Understand guideline and funding cycles
MacArthur publishes program guidelines to help applicants determine whether their idea for a grant fits within a particular grantmaking strategy.
As a general rule, applicants should base this decision on three related criteria that appear in program guidelines: the topical focus addressed by the grantmaking strategy; the geographic area covered by the grantmaking strategy; and, finally, the type of funding (i.e., general operating support, research, program support, etc.) that supports the grantmaking strategy.
Like most strategic grantmaking foundations, the MacArthur Foundation considers funding only those applications that closely match the topical, geographic, and funding criteria for a specific grantmaking strategy.
The Foundation’s Community and Economic Development grantmaking aims to help create and sustain vital, economically integrated neighborhoods and to increase opportunity for low-income individuals and families. By working in a mix of Chicago neighborhoods, the main goal is to produce measurable improvements in such quality of life indicators as income diversity, employment, public safety, and commercial vitality and to develop new knowledge about effective responses to neighborhood social and economic decline.
Since 2003, the core of the Foundation’s work in this area has been investment in the New Communities Program, a comprehensive effort to improve the quality of life in a significant number of Chicago’s most challenged neighborhoods and the signature project of the Chicago office of a national community development intermediary, the Local Initiatives Support Corporation (LISC). The current phase of MacArthur’s investment in the New Communities Program is strategic support to a smaller number of communities that offer promise to make large gains on specific indicators of qualify of life in the near-term, thereby offering a proof of concept or a “test of the model” of comprehensive community revitalization.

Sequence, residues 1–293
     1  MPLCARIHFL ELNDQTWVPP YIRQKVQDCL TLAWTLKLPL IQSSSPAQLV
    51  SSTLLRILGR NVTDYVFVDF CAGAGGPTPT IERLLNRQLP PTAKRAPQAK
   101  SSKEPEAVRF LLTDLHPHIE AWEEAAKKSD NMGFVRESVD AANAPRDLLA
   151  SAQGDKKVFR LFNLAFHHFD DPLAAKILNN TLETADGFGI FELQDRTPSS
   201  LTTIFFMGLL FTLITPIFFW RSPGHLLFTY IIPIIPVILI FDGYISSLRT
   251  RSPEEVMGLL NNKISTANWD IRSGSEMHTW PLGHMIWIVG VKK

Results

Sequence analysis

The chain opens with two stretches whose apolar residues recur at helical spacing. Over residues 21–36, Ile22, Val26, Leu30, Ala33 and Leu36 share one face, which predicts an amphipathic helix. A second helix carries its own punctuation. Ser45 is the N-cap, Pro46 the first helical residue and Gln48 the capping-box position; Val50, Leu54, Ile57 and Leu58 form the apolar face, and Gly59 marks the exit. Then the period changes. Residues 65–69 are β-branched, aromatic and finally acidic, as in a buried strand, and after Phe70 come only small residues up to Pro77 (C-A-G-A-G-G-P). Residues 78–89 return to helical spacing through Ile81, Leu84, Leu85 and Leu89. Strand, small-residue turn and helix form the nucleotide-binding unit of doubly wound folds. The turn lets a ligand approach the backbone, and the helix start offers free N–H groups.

The Foundation is also developing complementary system-level initiatives to reduce youth violence, strengthen employment as a way to promote positive neighborhood effects, promote economic development, and use technology to improve services and civic engagement. In each of these efforts the goal is to produce measurable improvements in neighborhood-level quality of life indicators.
What MacArthur Funds
With Foundation funding and other resources, the Chicago office of the Local Initiatives Support Corporation (LISC) implements the centerpiece of MacArthur’s grantmaking strategy — a comprehensive initiative called the New Communities Program that LISC operates in 23 Chicago communities. LISC uses MacArthur and other funds to provide long-term, general operating, and project support to local organizations to plan and carry out projects to improve the quality of life in these neighborhoods.
The Foundation also support a small number of organizations to work across neighborhoods and at a systems level to reduce violence, take advantage of new technology and available data, promote economic development, and help a sufficient number of recently unemployed individuals regain jobs and help turn around negative neighborhood effects—and to document and evaluate the New Communities Program and related activities. A modest amount of funding is provided to innovative responses to the foreclosure crisis in New Communities Program neighborhoods.
The Foundation also is a member of Living Cities, a collaborative of 22 of the nation's largest foundations and financial institutions that works to improve the lives of low-income people and the urban areas in which they live. In addition, the Foundation also funds a small number of national organizations that help advance the community development field, bring new knowledge and best practices to Chicago, and translate the Chicago experience to a broad audience. With the exception of support for the national organizations, funding is limited to Chicago.
More information about the New Communities Program can be found at www.newcommunities.org.
At this time, the Foundation is accepting proposals for projects that rigorously test youth violence prevention activities. Read more about our violence prevention strategy here. In general, projects are identified through staff deliberation and consultation with community development practitioners and other experts in the field. Those interested in suggesting a project in the area of violence prevention should submit a letter of inquiry to the Foundation.
The Foundation is not currently accepting proposals for other strategies in community and economic development at this time. The Foundation will make an announcement when funding is available in these areas.
Updated October 12, 2012